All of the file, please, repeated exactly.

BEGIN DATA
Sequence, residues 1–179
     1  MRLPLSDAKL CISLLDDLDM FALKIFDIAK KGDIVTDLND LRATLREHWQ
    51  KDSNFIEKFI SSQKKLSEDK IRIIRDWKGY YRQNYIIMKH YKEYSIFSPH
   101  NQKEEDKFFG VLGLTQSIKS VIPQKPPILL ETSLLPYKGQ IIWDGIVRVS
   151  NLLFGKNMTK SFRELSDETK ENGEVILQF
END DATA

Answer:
Sequence, residues 1–179
     1  MRLPLSDAKL CISLLDDLDM FALKIFDIAK KGDIVTDLND LRATLREHWQ
    51  KDSNFIEKFI SSQKKLSEDK IRIIRDWKGY YRQNYIIMKH YKEYSIFSPH
   101  NQKEEDKFFG VLGLTQSIKS VIPQKPPILL ETSLLPYKGQ IIWDGIVRVS
   151  NLLFGKNMTK SFRELSDETK ENGEVILQF